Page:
7. Delphius1

    Warning Lights

    I'd agree that a diagnostic check is the only way to see what the system is complaining about. VSC is a complicated system that involves a lot of sensors and it may be just as simple as needing to do a reset procedure on a sensor. For instance if it's an accellerometer and the vehicle power was applied whilst the vehicle wasn't on flat ground, the sensor would give the wrong reading. But without Techstream looking into the bowels of the vehicle electronics, it's difficult to say what the problem could be.
  8. Ah, you made it sound so easy... so normal BMW service then.
  9. Teslas aren't doing too bad on battery longevity. The Tesla roadsters have the Gen.1 batteries that seem to be holding up pretty well. Indications are leter generations are holding up pretty well even after much supercharging. The battery technology on Teslas is up there with the best, but personally I agree the build quality of the cars is pretty appalling. Panel gaps all over the place, trims not lining up, door handles that stick and lock you out of the car and plenty of wind noise, rattles and squeaks. Not something you want on what is a pretty expensive car. The technology side Tesla seem to have sorted: the software tends to work. It seems the fit and finish side they're lacking on. It seems there have been numerous recalls on various items. Reminds me when I worked for an American software company. The attitude to quality wasn't up to European statndards. They were quite happy to release something that wasn't quite 100% and fix it later in updates while customers struggled with frustrating issues that should have been fixed before release.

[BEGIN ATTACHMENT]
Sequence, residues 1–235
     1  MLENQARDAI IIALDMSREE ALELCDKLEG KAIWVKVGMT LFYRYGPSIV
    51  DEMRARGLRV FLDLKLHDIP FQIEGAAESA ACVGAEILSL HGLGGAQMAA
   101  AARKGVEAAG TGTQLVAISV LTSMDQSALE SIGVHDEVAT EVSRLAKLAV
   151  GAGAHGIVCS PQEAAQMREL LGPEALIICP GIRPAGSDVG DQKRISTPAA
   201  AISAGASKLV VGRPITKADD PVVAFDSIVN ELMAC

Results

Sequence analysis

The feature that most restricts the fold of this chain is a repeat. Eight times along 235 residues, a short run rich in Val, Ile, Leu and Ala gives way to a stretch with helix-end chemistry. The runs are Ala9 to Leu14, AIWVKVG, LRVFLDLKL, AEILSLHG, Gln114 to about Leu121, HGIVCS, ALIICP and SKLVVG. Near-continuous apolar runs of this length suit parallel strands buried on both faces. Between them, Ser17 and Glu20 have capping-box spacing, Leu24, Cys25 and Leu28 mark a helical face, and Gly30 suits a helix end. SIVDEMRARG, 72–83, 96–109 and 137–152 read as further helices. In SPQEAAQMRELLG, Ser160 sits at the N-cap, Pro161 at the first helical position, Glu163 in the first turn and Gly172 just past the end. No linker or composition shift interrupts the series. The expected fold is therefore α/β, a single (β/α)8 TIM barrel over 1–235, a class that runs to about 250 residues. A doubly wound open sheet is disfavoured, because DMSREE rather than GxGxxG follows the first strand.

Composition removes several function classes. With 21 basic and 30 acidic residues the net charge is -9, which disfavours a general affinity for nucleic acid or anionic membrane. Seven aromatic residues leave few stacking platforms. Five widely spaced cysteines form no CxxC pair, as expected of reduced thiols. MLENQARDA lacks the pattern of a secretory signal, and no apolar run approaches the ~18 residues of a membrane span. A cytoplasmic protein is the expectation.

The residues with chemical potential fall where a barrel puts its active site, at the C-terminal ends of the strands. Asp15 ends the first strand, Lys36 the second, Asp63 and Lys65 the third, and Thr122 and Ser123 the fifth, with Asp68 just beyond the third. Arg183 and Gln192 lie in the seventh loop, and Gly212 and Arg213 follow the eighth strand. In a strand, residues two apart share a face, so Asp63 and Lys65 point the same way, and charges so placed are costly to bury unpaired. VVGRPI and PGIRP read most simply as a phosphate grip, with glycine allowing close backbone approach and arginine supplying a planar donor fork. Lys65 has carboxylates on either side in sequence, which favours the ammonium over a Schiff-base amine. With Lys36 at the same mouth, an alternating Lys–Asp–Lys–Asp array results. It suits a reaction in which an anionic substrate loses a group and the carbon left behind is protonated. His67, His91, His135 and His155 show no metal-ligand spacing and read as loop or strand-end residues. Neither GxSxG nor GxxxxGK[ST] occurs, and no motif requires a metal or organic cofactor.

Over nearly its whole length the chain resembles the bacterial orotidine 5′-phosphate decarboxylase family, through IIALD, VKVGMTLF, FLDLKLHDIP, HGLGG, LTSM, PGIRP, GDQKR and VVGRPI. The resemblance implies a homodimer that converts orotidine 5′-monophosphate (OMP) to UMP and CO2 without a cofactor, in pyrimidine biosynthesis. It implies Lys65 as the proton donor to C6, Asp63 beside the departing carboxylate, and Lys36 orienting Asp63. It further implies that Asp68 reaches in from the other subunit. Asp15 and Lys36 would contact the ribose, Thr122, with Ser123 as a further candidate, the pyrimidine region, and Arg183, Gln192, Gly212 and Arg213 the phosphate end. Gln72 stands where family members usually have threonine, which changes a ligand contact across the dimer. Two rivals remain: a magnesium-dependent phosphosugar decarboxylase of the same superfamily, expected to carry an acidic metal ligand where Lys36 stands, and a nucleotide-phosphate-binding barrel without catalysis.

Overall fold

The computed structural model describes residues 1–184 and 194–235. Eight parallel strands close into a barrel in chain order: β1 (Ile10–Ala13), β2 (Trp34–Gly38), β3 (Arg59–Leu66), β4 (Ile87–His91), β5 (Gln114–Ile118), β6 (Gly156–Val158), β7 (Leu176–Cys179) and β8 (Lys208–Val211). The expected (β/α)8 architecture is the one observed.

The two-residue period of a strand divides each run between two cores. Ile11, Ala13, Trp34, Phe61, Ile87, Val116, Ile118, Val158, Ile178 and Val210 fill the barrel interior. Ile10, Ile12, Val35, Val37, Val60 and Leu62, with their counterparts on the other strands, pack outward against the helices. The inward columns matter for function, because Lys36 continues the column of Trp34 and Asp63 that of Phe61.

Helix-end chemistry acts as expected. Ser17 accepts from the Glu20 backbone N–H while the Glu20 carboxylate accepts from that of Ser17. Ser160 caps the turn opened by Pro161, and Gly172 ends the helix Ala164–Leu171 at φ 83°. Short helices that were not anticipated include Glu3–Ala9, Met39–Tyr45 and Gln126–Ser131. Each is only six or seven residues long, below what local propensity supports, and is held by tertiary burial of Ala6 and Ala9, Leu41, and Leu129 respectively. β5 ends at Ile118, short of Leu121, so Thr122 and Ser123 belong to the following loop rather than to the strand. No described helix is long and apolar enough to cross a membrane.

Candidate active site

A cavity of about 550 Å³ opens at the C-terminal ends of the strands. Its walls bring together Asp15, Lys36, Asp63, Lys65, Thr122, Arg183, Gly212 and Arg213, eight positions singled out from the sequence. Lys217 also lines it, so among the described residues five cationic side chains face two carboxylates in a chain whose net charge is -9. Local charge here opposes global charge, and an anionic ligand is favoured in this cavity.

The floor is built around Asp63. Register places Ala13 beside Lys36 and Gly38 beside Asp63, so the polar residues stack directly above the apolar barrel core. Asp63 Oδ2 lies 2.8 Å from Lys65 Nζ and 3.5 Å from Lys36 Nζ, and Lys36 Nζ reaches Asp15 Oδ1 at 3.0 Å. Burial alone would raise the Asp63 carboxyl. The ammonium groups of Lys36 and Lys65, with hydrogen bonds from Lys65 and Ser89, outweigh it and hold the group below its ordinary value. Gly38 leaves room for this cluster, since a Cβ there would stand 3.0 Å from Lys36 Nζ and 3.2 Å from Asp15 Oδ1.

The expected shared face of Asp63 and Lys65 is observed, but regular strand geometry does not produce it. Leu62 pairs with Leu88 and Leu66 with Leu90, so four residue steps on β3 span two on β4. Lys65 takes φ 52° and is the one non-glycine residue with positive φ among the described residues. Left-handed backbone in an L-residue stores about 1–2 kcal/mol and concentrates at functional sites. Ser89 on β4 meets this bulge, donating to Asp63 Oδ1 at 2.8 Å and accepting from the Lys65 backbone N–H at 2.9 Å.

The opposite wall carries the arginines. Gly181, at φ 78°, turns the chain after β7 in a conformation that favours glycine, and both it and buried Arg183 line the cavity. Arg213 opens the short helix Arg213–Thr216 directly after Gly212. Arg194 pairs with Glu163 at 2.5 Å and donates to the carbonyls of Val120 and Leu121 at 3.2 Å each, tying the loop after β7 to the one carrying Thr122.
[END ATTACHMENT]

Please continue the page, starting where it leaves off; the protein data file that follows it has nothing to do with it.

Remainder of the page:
10. Wow, that's customer service! I just wonder how many dealers whould have sent the skinny trainee into the bowels of the car with a dremel to hack off the offending bracket?